Other embodiments can be realized that approximates a reel spin profile defined by a game play design with a set of curves that allows real time calculation of velocities, acceleration, and/or other motion parameters to control a spin reel to provide motion as defined by the game play design. In an embodiment, a method includes providing a set of motion parameters in a reel controller of a gaming machine, and driving a reel based on the set of motion parameters. The set of motion parameters may include a first motion parameter correlated to a start of a time period and a second motion parameter correlated to a finish of a time period, where the time period is associated with a time period of a spin profile for the reel. Alternately, the set may include a starting velocity along with a finishing velocity and/or an end time or period length of a selected time period of the spin profile. In an embodiment, the reel spin profile is approximated with a set of linear segments. In an embodiment, the set of motion parameters during procession through a time period is calculated in real time in a reel controller. Alternately, the set is calculated in a main processor for the gaming machine and downloaded to a reel controller of the gaming machine. In an embodiment, a starting set of motion parameters that defines line segments that approximate the spin profile for the reel are read from a memory.

In order to facilitate creative game designs, the reel control system must support complex theme based spin behaviors. As an example, for an earthquake game theme it may be desirable to have the reels shake and shudder about a given stop position. In a car chase game theme, the gaming machine would spin the reels at varying speeds with sudden changes in both speed and direction as the car chase unfolds. Such configurations may be supported by an embodiment of a gaming machine having reel controllers that can dynamically manage the actuation of each reel with respect to a spin profile for that reel as provided by the game design.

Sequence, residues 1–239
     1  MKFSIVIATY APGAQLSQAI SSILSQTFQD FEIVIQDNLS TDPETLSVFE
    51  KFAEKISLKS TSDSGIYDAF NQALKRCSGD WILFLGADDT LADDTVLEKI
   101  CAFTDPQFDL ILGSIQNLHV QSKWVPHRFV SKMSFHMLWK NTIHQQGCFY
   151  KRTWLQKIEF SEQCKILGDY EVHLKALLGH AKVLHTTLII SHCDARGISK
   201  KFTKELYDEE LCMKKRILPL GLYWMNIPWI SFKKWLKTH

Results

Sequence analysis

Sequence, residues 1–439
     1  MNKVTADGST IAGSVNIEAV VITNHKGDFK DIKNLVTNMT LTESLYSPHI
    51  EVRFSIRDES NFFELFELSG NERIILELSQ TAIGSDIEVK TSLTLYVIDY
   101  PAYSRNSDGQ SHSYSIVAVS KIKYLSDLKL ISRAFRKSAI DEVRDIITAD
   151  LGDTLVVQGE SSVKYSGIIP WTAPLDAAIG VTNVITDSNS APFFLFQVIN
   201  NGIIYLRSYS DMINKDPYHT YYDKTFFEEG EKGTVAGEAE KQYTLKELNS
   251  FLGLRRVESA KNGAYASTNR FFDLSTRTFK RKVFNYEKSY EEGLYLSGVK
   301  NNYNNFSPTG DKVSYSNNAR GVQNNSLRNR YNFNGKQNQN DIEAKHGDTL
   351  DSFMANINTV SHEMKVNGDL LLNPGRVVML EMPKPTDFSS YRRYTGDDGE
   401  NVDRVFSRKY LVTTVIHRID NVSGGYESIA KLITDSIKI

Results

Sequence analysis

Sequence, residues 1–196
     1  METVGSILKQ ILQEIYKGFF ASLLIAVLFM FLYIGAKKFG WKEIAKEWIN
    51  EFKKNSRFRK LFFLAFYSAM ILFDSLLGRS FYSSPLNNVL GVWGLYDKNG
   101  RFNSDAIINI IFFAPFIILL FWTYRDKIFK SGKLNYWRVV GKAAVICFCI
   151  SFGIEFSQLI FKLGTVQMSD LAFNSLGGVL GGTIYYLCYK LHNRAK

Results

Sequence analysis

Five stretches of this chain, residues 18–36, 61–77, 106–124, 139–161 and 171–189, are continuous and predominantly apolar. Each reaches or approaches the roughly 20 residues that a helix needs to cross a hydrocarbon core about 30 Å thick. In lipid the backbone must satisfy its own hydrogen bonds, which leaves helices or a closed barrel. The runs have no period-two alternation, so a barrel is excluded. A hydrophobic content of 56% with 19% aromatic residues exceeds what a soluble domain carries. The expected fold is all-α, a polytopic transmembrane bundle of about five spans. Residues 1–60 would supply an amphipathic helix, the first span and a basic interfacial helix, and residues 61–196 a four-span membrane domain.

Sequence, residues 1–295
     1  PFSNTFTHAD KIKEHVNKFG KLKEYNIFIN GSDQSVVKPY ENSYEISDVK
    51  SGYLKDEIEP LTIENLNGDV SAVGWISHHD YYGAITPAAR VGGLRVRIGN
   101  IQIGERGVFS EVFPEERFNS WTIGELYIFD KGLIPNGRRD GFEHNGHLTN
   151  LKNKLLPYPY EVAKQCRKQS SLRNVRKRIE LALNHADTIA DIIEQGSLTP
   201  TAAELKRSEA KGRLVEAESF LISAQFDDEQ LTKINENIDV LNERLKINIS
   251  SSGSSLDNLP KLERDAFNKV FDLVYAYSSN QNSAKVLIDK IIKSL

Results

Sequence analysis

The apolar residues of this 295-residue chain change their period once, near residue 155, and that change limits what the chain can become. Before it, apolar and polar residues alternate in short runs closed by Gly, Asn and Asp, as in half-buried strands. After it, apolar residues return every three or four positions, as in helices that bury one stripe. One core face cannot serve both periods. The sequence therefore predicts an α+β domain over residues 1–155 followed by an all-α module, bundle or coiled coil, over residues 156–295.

FIG. 5 depicts a block diagram of an embodiment of a gaming machine 500 having a reel controller 510, a number of reels 520-1, 520-2, . . . 520-N, and a number of reel drivers 530-1, 530-2, . . . 530-N in which reel controller 510 uses spin profiles to manage the operation of the number of reels 520-1, 520-2, . . . 520-N. In an embodiment, five reels are used in gaming machine 500. However, gaming machine 500 is not limited to using five reels. Controller 510 includes a processor 540 and memory 550 that that correlates motion parameters to realize the spin profiles associated with a game embedded in gaming machine 500. In an embodiment, the spin profiles are realized as a set of interconnected line segments. In an embodiment, processor 540 is a digital signal processor, DSP. In various embodiments, other forms of processors may be implemented as processor 540. In an embodiment, memory 550 is read only memory, ROM. In various embodiments, other forms of memory may be implemented as memory 550.

In an embodiment, each reel driver 530-1, 530-2, . . . 530-N is responsive to reel controller 510 to drive a corresponding one of the number of reels 520-1, 520-2, . . . 520-N based on motion parameters assigned to a time period associated with a spin profile for each reel. In an embodiment, the motion parameters are assigned to a start and a finish of a time period of the spin profile. In an embodiment, reel controller 510 communicates with each reel driver 530-1, 530-2, . . . 530-N via a corresponding reel interfaces 560-1, 560-2, . . . 560-N, respectively. Alternately, a single reel interface may be coupled to the processor 540 to communicate with the reel drivers 530-1, 530-2, . . . 530-N, where the single reel interface has logic to independently interact with each reel driver.

In an embodiment, reel controller 510 includes a peripheral interface 570 to receive information and instructions from a source external to reel controller 510. Peripheral interface 570 may include a RS485 serial port or other standard serial or parallel port according to its gaming application. In various embodiments, the received information may include information regarding motion parameters for each of the reels 520-1, 520-2, . . . 520-N. Peripheral interface 570 provides a mechanism for the system, gaming machine 500, to support the ability to download points of interest to processor 540. These points of interest can be points on a complicated waveform representing a desired spin profile, such as a non-periodic fluctuating waveform with a large number of transitions. This desired profile may be approximated by selectively using points where the slope of the desired waveform goes to zero.